Tuesday, November 26, 2013

Checking in with the Guardian's Symphony Series

Tom Service over at the Guardian is engaged in another big project. After last year's survey of contemporary composers, he takes on the symphony and plans to investigate fifty examples. I wrote about this project previously here and here. The most recent article is about Sibelius' Symphony No. 6, a piece I confess I don't know. It seems to be a pretty good discussion of the piece, which I am listening to at the moment. Here is a link to the series as a whole. I haven't mentioned this series for a while because I found the last several weeks to be about symphonies that I really couldn't summon much interest in. I read the articles, but when I went to listen to the symphonies I just balked. For example, here is the Symphony No. 1 of Peter Maxwell Davies:


I used to find his music quite interesting back when he was writing Eight Songs for a Mad King, but I probably wouldn't want to listen to that music these days either. Somehow, after listening to the first few minutes of the symphony, the prospect of having that sort of thing snarl at me for the next fifty minutes or so leaves me cold. At some point I do intend to investigate the symphonies of Maxwell Davies, but right now, I am resisting. It's not just him, of course. In the last few years I find that I have less patience with music that tries to bully me, or annoy me, or just torture me in the name of some aesthetic that I reject anyway.

And it's not just music, either. I find that my tolerance for a lot of things that seem to me to be empty blather or just nasty has declined. For example, here are some movies that at one time I enjoyed but I now find unwatchable: all the Star Wars movies, the Lord of the Rings (yes, loved the books, but the movies are tedious, excessive and ponderous), Prometheus, Avatar, all the super-hero movies which seem like mere cartoons overloaded with computer-generated imagery. And so on... This applies to a huge amount of television as well. I enjoyed the first season of Mad Men but when I tried to watch the first episode of season two recently, I turned it off after five minutes. Same with The Walking Dead. On the other hand, I loved The Hunger Games and the sequel, which I just saw on the weekend. Good stuff.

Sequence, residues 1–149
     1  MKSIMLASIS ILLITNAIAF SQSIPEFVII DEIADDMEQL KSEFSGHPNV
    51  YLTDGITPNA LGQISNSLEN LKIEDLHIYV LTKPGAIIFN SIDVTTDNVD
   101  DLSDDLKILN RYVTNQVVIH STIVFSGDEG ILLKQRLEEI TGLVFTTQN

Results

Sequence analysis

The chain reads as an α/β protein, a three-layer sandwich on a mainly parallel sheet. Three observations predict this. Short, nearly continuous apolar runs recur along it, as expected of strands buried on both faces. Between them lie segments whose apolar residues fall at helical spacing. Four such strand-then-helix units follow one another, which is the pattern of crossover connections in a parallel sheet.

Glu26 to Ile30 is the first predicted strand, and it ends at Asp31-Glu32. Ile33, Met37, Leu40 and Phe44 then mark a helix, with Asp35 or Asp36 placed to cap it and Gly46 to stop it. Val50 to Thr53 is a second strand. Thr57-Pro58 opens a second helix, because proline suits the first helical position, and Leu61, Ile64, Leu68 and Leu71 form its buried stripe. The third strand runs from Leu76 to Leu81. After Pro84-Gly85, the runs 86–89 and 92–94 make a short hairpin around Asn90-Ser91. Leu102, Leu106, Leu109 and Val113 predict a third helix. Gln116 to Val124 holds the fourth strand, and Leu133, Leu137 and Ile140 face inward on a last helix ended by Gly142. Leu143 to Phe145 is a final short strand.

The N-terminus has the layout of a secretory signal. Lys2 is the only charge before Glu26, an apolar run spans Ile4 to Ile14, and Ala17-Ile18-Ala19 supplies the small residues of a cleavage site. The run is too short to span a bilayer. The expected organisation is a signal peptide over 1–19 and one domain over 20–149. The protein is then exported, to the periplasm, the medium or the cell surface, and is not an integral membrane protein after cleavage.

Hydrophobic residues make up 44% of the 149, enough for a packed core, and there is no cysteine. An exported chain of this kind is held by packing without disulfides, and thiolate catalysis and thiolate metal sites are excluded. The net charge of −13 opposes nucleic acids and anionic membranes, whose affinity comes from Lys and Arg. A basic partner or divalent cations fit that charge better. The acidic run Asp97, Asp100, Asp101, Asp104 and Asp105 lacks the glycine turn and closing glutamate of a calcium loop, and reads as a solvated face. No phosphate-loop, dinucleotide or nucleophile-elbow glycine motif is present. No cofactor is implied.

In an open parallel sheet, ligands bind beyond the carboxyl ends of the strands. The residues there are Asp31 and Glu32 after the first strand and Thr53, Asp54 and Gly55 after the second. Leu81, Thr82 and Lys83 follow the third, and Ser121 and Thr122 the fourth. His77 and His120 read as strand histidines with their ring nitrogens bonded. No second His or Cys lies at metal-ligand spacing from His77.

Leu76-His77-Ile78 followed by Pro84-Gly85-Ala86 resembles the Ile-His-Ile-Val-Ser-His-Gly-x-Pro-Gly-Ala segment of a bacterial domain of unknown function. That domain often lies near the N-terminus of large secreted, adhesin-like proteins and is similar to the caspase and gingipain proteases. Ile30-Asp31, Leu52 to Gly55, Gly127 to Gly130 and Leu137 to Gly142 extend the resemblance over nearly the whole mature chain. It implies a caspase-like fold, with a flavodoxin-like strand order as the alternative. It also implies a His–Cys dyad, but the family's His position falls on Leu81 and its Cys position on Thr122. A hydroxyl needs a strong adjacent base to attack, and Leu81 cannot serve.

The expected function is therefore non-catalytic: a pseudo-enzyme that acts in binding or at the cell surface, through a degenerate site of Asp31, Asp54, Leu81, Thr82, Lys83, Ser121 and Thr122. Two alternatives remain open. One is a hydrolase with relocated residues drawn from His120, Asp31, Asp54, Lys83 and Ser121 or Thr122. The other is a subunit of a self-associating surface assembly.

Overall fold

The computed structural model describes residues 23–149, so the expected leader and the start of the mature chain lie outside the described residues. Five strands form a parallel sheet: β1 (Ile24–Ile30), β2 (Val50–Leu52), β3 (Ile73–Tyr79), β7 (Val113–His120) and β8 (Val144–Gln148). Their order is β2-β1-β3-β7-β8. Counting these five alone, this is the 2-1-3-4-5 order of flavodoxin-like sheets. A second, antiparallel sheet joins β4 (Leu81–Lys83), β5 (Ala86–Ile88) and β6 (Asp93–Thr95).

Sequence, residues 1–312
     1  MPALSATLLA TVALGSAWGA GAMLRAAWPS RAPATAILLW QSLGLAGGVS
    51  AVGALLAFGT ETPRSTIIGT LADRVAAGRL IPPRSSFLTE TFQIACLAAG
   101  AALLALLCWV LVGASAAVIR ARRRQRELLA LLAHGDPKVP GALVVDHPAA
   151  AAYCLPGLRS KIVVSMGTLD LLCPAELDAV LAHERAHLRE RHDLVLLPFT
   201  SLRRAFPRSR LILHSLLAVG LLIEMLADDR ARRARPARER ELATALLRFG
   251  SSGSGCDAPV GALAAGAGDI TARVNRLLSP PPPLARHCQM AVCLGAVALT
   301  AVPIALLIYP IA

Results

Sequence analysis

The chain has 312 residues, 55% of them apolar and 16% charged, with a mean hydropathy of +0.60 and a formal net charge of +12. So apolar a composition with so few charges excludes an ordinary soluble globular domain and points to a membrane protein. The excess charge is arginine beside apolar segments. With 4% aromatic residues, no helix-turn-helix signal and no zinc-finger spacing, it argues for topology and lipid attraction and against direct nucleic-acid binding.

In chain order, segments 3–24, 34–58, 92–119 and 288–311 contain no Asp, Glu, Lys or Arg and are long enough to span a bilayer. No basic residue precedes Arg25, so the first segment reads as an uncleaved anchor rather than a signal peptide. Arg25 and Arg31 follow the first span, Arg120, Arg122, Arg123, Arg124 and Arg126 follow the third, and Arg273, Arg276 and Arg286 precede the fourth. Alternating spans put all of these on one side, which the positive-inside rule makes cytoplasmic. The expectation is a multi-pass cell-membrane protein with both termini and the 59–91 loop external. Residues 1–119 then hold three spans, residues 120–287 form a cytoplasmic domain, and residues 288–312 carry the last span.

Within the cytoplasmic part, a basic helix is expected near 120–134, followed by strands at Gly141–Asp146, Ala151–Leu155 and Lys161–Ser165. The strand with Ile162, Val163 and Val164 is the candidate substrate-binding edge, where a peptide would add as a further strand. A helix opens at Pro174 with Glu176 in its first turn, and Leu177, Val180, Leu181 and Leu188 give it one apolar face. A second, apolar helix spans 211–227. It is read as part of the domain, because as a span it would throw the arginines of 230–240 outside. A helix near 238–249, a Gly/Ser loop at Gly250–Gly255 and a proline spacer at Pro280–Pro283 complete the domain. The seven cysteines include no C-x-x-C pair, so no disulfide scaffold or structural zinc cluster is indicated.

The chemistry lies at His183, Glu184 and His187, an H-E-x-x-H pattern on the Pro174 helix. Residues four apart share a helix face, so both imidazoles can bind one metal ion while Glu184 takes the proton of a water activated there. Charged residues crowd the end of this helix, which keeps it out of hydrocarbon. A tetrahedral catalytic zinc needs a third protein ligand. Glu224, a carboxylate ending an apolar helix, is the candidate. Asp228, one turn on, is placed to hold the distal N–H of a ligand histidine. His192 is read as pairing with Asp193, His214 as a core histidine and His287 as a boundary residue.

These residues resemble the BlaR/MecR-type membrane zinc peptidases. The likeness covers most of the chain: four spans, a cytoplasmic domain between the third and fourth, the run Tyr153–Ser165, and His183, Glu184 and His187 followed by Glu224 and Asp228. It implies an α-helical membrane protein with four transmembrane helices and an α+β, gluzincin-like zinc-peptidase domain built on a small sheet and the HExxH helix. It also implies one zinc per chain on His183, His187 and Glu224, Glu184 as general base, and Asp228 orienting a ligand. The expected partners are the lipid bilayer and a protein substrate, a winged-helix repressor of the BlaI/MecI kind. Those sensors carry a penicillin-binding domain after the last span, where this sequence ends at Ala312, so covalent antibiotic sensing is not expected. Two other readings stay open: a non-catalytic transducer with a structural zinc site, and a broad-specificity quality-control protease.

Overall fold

So what is going on here? I'm not sure, but I suspect that I am making choices about stuff that I see as time-wasting. About the movies and tv shows, I'm not sure what is going on exactly, but I do have an inkling when it comes to music. I think that I am really working within a classical (small 'c') aesthetic, meaning that I am expecting music to create order, balance and elegance out of chaos. A lot of music follows a different aesthetic, the attempt to create tension and opposition and emotional turmoil. This is the progressive, avant-garde aesthetic. I'm just not interested in that any more! Those days are past, as far as I'm concerned.

So that is why I am particularly fascinated with the music of Haydn, Mozart and Beethoven these days...

Anyway, back to the symphony guide. The next piece Tom Service took up was the Symphony No. 2 by Robert Schumann. My feeling about Schumann is that he was an extraordinary song writer and his early piano pieces are incredible evocations of romanticism in music, but that when he attempted, in string quartet and symphony, to take up the classical forms, he was very bad at it.


You may love that music, but I find it dull and tedious. Next in the survey was Luciano Berio's Sinfonia of 1968:


Just about everything from around that time seems unlistenable to me now because of the absurd posturing. Next was the Symphony No. 1 of Gustav Mahler: